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Barry Wales – United Kingdom
Located in South Wales, Barry lies roughly south-west of the centre of the UK, in The Vale of Glamorgan about ten miles west of the capital of Wales, Cardiff. In ancient times, Barry Island was famous because St. Baruc lived on it. In olden days, it became infamous for pirates and wreckers. Barry Island ceased to be an island in the late Victorian era, when they dug out the docks, and used the spoil to make a land bridge to the mainland.
Barry Wales Heritage
When my grandparents were youngsters, Barry was the exporter of the most coal in the world. I believe that it still holds the world record of a million tons in one year. However, that was more than a hundred years ago. My parents told me stories of being able to walk across Barry Docks by hopping from ship to ship. They were so tightly packed in when they were teenagers. They also told me that Barry had the greatest difference between high and low tide of anywhere in the world. About 44 feet, I think.
Owen Jones – Welsh Writer
My name is Owen Jones, and I am a novelist from Barry Wales. The Colcot, to be specific, which is north-east of the town centre, on the way to Cardiff.
I grew up in Barry-Wales in the Fifties and Sixties, so just after the Second World War. Barry escaped relatively unscathed from the bombing, or so I gather, because nearby Cardiff was deemed a more important target. I enjoyed my youth there. It was busy and there was plenty to do. There seemed to be lots of work too, and there were leisure facilities galore. My particular favourites were Saturday Morning Cinema Club, and the outdoor public swimming baths, although various types of beach with clean water practically surround Barry. The rip tides were dangerous though, so I preferred the pool.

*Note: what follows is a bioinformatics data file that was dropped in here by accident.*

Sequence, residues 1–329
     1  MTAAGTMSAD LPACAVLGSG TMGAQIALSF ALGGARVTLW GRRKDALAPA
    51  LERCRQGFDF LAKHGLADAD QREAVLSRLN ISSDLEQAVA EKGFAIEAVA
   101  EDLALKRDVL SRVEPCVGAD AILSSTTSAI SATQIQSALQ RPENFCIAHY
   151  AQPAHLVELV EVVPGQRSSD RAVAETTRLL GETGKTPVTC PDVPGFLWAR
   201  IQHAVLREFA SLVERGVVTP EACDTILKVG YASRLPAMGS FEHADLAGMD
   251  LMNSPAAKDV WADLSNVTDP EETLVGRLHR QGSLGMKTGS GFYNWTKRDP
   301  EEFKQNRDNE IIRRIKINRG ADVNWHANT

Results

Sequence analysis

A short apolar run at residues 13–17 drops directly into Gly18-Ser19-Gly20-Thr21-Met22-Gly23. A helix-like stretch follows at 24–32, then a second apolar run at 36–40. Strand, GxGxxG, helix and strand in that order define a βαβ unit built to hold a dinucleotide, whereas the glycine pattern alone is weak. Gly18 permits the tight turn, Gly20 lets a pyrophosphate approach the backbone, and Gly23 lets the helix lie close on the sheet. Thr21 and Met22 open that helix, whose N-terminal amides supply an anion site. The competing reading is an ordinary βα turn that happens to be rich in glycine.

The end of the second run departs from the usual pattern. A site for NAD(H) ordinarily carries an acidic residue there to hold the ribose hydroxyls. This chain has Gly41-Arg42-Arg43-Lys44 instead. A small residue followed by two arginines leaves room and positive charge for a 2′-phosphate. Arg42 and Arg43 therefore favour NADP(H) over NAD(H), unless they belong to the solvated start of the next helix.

Then I left Barry-Wales for university in Portsmouth for five years, and almost ten years abroad in The Netherlands. Eventually, I returned ‘for good’ in my early thirties. I remember feeling that I had to be shoehorned back into Barry after the freedom of living in continental Europe. I don’t mean political freedom of course, but the English Channel is quite a mental barrier. For example, if I became bored in The Netherlands, I could hitch-hike to the South of France in a day or so. From Barry, I would have to get to the channel (175 miles), cross that (about eight hours) and then start travelling again. It takes the edge off it.
Yes, flights were an option back then. However, they were not the mode of transport that sprang first to my mind, as they would nowadays. Doesn’t anyone hitch-hike any more? It’s probably deemed unsafe 🙁
Life in Barry Wales
I worked very happily with my brothers in my father’s local construction firm for about fifteen years until he died, work dried up, and we all went our separate ways. That was when Barry-Wales started to go down hill too. Perhaps, I’m exaggerating because my father died and our firm went bust, but I think that it is more than that. There were two big, Edwardian (or Georgian) pubs in the town centre – The Vic(toria Arms?) and the Windsor Hotel. In fact, both were built as hotels but never used as such. One day, the Vic closed down! It was such a shock.